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Is Pharma Ready for Healthcare Reform?

February 23, 2013 

In August 2012 Sanofi launched Zaltrap for the treatment of metastatic colorectal cancer at twice the cost of Avastin.  When oncologists at Memorial Sloan Kettering said that they would not prescribe the drug because the cost differential was not worth the additional 1.4 months survival gain, Sanofi promptly cut the price by 50%.  Sanofi feared tthat the importance of Memorial Sloan Kettering’s refusal to prescribe Zaltrap would have ripple effects across the Oncology community, dampening demand for the drug.  As a result, the company backed away from its launch price.

What would happen if the Benchmark and Qualified Health Plans in the California State Exchange refused to cover a pharma company’s key product?  With Kaiser’s limited formulary serving as the Benchmark Plan, that possibility is real for many pharma companies as even Qualified Health Plans that compete with Kaiser’s Exchange offerings will be hard-pressed to provide broad access and still be profitable.   With the largest uninsured adult population in the United States (~5.9 million) and approximately 5.5 million individual and small group policy holders, the impact of an Exchange non-coverage decision in California could be severe.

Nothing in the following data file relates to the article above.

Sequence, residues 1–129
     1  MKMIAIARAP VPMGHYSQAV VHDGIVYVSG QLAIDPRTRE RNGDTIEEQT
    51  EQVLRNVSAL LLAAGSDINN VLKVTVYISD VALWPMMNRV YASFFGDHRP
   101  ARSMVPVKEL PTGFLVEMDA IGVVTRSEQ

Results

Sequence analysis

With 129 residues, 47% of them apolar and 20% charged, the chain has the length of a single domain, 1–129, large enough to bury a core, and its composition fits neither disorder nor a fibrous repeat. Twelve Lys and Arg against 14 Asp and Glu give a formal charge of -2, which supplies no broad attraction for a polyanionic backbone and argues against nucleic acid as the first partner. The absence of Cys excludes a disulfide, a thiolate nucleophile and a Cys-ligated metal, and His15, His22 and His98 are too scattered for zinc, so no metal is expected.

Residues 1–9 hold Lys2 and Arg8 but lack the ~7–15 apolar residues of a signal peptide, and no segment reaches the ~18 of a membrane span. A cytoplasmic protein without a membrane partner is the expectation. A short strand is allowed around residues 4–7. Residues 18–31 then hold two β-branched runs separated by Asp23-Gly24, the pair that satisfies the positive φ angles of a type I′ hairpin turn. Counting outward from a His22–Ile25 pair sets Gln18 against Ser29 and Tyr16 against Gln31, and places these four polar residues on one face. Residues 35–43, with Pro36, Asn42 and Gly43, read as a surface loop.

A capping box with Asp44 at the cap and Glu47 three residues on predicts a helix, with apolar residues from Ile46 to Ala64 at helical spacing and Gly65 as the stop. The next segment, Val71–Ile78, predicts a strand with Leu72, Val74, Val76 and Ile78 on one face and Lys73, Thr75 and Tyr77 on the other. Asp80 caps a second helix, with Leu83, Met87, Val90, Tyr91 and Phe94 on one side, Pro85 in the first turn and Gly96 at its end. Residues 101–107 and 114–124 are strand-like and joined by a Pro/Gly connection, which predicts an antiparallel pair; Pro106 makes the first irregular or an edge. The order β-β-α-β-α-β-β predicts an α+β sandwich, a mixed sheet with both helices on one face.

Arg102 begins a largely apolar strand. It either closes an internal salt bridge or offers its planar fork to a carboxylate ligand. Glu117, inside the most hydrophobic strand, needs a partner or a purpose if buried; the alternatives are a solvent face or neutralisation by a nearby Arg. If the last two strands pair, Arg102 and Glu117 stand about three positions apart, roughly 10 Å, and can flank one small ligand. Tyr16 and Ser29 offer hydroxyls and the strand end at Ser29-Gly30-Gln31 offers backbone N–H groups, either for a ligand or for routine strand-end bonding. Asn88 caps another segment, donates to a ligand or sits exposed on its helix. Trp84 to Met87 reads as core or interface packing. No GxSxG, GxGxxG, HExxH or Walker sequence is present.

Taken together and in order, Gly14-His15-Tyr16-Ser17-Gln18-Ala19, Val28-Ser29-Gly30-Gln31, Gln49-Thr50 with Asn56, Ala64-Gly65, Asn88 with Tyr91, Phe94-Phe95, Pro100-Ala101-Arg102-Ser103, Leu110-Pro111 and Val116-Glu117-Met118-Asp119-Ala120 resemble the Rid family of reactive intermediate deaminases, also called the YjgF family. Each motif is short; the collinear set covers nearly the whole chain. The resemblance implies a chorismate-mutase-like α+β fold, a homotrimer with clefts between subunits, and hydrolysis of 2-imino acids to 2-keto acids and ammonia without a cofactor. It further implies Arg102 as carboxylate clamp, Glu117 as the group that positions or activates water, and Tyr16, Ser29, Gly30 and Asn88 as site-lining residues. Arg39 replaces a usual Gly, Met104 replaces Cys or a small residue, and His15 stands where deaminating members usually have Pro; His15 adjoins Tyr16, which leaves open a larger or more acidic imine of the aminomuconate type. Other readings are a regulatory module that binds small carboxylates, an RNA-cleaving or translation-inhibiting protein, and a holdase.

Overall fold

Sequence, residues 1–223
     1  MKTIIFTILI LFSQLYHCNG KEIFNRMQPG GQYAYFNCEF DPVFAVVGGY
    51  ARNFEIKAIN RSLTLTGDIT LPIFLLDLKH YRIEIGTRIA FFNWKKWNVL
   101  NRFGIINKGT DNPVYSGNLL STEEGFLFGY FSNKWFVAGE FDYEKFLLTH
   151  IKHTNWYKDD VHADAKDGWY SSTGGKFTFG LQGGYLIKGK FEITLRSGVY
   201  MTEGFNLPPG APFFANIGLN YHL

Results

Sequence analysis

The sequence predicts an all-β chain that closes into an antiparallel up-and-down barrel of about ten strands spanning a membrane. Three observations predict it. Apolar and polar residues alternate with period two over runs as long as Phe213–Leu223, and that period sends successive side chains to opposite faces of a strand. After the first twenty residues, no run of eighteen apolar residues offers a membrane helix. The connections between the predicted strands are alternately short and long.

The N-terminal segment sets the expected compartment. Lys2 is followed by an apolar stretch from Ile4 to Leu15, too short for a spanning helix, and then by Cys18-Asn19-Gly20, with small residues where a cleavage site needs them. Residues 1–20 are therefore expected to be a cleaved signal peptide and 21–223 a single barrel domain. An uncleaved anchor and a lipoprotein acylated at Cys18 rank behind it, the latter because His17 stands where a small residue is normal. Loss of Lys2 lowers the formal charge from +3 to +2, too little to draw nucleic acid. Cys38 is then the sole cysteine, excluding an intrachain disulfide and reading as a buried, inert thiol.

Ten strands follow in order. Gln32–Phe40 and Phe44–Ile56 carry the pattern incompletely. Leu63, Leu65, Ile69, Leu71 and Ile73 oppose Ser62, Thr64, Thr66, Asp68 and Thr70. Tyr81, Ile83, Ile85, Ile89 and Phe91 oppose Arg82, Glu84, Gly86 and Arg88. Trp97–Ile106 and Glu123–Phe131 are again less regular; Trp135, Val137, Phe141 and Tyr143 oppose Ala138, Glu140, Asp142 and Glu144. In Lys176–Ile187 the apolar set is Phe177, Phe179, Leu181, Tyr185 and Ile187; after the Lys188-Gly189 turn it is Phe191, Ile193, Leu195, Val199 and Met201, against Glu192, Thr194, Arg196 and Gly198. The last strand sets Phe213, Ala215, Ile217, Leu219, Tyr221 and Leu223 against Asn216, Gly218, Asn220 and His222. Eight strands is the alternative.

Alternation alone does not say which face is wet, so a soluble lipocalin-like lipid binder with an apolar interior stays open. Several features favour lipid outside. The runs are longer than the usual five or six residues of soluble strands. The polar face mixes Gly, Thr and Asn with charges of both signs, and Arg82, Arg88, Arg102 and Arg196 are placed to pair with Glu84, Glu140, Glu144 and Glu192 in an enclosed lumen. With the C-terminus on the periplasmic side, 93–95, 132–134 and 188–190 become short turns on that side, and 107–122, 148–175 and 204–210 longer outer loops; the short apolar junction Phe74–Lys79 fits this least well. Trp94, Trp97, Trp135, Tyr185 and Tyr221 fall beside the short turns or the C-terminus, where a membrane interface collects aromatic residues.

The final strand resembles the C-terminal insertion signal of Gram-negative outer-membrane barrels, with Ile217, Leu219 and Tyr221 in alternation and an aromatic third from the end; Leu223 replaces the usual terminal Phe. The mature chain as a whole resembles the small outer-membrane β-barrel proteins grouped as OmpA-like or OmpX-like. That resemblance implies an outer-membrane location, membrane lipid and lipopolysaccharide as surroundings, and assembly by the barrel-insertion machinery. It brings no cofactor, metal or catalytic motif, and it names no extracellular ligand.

So what should a pharma company operating in California be doing right now concerning the possibility of a dramatic change in access?  Will the opportunity to simply adjust pricing at the last second to avert a non-coverage decision always be there?  The answer is probably not and by not considering 1) freezing prices for the first few years of Exchange implementation to allow Exchange premiums and insurer profitability to settle; 2)  building partnerships with ACOs that support improvements in outcomes that increase shared savings between plans and providers and 3) identifying risk-based pricing approaches that link future pricing increases to improvements in plan population outcomes for specific disease areas, pharma may find itself looking from the outside in within California and across several states that are taking on large uninsured or under-insured populations that are State Exchange and Medicaid eligible .

By the time states start paying part of the bill for Medicaid in 2017 and Exchange premiums begin to become highly relevant in a consumer marketplace, most pharma drugs will need to have validated their value  or risk future restrictions in access.

Time is running out for pharma to figure this out.

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